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Law School Case Brief

Preslar v. Commissioner - 167 F.3d 1323 (10th Cir. 1999)

Rule:

The "contested liability" or, as it is occasionally known, "disputed debt" doctrine rests on the premise that if a taxpayer disputes the original amount of a debt in good faith, a subsequent settlement of that dispute is treated as the amount of debt cognizable for tax purposes. In other words, the excess of the original debt over the amount determined to have been due may be disregarded in calculating gross income.

Facts:

The Commissioner of Internal Revenue appeals the United States Tax Court's decision to redetermine the tax deficiency assessed against Layne and Sue Preslar for underpayment of 1989 federal income taxes. The Tax Court held the Preslars' settlement of a loan obligation for less than the face amount of the loan did not create taxable income because the contested liability/disputed debt exception to the general discharge-of-indebtedness income rule rendered the write-off nontaxable. The Preslars insisted they were free to treat their settlement with the FDIC as a purchase price adjustment pursuant to 26 U.S.C.S. § 108(e)(5) and/or common law. The Commissioner responded that the Preslars could not invoke § 108(e)(5) because that provision applies only to situations where the seller of property agrees to reduce the amount of the purchaser's debt flowing from the property sale.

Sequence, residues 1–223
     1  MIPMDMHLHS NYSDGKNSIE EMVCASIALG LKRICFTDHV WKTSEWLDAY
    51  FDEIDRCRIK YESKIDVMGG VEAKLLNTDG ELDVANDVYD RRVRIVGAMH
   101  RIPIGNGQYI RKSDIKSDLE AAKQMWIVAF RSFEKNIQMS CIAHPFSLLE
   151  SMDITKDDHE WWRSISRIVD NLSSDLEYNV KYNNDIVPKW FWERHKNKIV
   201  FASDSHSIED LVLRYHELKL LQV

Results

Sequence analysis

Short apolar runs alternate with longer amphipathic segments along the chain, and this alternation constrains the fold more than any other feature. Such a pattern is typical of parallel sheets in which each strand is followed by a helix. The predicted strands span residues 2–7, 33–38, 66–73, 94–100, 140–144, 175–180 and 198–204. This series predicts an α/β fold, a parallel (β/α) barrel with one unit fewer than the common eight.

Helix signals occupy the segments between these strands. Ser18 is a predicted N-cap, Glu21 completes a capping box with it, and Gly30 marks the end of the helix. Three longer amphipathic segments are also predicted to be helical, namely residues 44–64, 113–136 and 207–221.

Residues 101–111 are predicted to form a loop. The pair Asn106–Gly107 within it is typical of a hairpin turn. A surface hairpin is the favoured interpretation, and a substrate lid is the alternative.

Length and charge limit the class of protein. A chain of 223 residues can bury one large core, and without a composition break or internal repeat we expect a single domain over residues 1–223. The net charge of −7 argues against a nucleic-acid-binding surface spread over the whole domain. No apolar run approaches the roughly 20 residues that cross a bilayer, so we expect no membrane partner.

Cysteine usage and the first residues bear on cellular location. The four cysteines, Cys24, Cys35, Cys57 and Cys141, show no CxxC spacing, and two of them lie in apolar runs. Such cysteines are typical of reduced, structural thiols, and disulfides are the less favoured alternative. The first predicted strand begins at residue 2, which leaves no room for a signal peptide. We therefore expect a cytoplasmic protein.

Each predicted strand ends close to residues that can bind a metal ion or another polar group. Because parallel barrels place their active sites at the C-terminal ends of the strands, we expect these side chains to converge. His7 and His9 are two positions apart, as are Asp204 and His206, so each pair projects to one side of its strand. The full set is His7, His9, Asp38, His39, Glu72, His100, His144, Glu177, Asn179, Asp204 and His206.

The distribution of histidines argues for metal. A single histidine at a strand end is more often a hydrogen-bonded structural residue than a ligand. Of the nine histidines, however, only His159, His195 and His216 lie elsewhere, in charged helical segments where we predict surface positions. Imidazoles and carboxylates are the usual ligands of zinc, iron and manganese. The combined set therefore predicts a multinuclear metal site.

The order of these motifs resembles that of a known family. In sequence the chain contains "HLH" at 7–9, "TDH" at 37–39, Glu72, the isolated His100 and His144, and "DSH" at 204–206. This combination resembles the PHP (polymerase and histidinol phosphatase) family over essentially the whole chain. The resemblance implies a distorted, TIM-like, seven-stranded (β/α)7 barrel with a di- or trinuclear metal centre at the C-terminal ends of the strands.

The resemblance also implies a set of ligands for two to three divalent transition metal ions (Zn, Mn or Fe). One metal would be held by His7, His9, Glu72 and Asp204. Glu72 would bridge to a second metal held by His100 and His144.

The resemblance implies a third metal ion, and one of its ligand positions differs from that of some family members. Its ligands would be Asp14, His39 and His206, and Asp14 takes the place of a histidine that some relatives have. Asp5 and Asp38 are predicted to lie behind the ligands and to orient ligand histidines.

Issue:

Did the Tax Court err when it held that Preslars' settlement of a loan obligation for less than the face amount of the loan did not create taxable income because the contested liability/disputed debt exception to the general discharge-of-indebtedness income rule rendered the write-off non-taxable?

Answer:

Yes

Conclusion:

The Court of Appeals for the Tenth Circuit reversed the Tax Court's decision to redetermine the tax deficiency assessed against the taxpayers for underpayment of federal income taxes.  The appellate court held that the Tax Court's invocation of the contested liability doctrine in the face of the record presented was unwarranted. The court held that taxpayers could not treat their settlement as a purchase price reduction because 26 U.S.C.S. § 108(e)(5) applied only to direct agreements between a purchaser and seller. The court further held that taxpayers could not treat their settlement as a common law purchase price reduction because an agreement to reduce a debt between a purchaser and a third-party lender was not a true adjustment of the purchase price paid for the property because the seller received the entire purchase price from the purchaser and was not a party to the debt reduction agreement.

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